Virtually all legal scholars believe that the President has a duty to enforce the law regardless of what he thinks about it because all laws that are duly enacted are presumptively Constitutional. This is a basic tenet of our legal system that was referred to in the 6th Circuit Decision upholding the Affordable Care Act

The minimum coverage provision, like all congressional enactments, is entitled to a “presumption of constitutionality,” and will be invalidated only upon a “plain showing that Congress has exceeded its constitutional bounds.” . . . The presumption that the minimum coverage provision is valid is “not a mere polite gesture. It is a deference due to deliberate judgment by constitutional majorities of the two Houses of Congress that an Act is within their delegated power . . .(citations omitted).

No Court has held that the President has the power to issue a binding ruling that any law, such as the debt limit, is Unconstitutional. Rather the courts have held that such power resides in the Supreme Court. Since the 1803 case of Marbury v Madison it has been accepted that only the Court can declare a law Unconstitutional. Unless that happens or until it is repealed, the debt limit is the law of the land.

Having rejected all other options, the President has decided to engage in a direct challenge to the Congress. He is not going to play games or kick the can down the road. And he certainly isn't going to give them ammunition to argue that he has exceeded his Presidential authority, which would create a sideshow of its own involving court cases and Congressional hearings. This is actually the boldest step he could take it is also the step most likely to succeed because it is a pure political challenge involving the power of a President who is just been reelected against a very unpopular Congress. As such it is by far the most likely to succeed.

Saturday, January 12, 2013

White House Responds: No Secession Today Boys

The White House has issued its response to all the secession petitions filed on its website. In the politest way possible the petitioners were given a gigantic red raspberry. In addition, the White House took the opportunity to point out that secession runs counter to the precepts that undergird our democracy, has been ruled to be illegal by the Supreme Court and, tragically, has been tried once before at a cost of 600,000 lives.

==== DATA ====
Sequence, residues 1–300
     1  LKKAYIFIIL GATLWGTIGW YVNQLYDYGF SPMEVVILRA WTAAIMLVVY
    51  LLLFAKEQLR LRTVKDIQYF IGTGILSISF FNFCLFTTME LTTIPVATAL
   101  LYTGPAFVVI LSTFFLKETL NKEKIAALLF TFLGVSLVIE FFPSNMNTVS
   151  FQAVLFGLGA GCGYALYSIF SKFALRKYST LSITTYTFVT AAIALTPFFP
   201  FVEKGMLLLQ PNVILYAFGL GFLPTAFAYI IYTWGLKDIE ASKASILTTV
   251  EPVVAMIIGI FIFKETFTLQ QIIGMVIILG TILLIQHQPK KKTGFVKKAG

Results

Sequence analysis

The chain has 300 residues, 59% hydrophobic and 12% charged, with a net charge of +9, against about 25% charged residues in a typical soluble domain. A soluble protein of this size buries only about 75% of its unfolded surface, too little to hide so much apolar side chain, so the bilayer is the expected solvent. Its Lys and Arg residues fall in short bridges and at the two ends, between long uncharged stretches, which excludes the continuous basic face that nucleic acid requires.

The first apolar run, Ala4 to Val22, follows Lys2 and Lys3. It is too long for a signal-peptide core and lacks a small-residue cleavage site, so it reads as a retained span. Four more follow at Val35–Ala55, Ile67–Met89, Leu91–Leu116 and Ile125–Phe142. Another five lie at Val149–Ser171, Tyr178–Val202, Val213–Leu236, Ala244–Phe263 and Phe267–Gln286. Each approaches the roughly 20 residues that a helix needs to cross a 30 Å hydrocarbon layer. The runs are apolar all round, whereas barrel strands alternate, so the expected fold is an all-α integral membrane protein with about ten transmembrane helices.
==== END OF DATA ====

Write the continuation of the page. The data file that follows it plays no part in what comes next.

Writing a response to the people who view secession as a viable option surely must have been a real challenge for the rational, professional, knowledgeable, and educated folks working at the White House. But they were up to the challenge and did a masterful job with this one. While the full text is set out below, I thought it useful to highlight what are arguably the most important points.

The White House pointed out that first and foremost we are a self-governing nation in which people have the power through the ballot box. Elections are the process that has been used for over 200 years for people to elect their representatives and seek to change their government. Destroying the Union or leaving it are not legitimate options. These thoughts are captured here,

Our founding fathers established the Constitution of the United States "in order to form a more perfect union" through the hard and frustrating but necessary work of self-government. They enshrined in that document the right to change our national government through the power of the ballot -- a right that generations of Americans have fought to secure for all. But they did not provide a right to walk away from it.

The White House then points out that not only is the ballot box the forum for resolving disputes, but that 150 years ago secession was tried with terrible results.

As President Abraham Lincoln explained in his first inaugural address in 1861, "in contemplation of universal law and of the Constitution the Union of these States is perpetual." In the years that followed, more than 600,000 Americans died in a long and bloody civil war that vindicated the principle that the Constitution establishes a permanent union between the States.

And for those who think that maybe states can secede without the Civil War, the White House also points out that when the Supreme Court addressed this issue it clearly held that secession is not a legal option for states.

And shortly after the Civil War ended, the Supreme Court confirmed that "[t]he Constitution, in all its provisions, looks to an indestructible Union composed of indestructible States."

The Supreme Court case referred to is Texas v White, a case which should be mandatory reading for all would be secessionists. Here is a money quotation,

When, therefore, Texas became one of the United States, she entered into an indissoluble relation. All the obligations of perpetual union, and all the guaranties of republican government in the Union, attached at once to the State. The act which consummated her admission into the Union was something more than a compact; it was the incorporation of a new member into the political body. And it was final. The union between Texas and the other States was as complete, as perpetual, and as indissoluble as the union between the original States. There was no place for reconsideration or revocation, except through revolution or through consent of the States.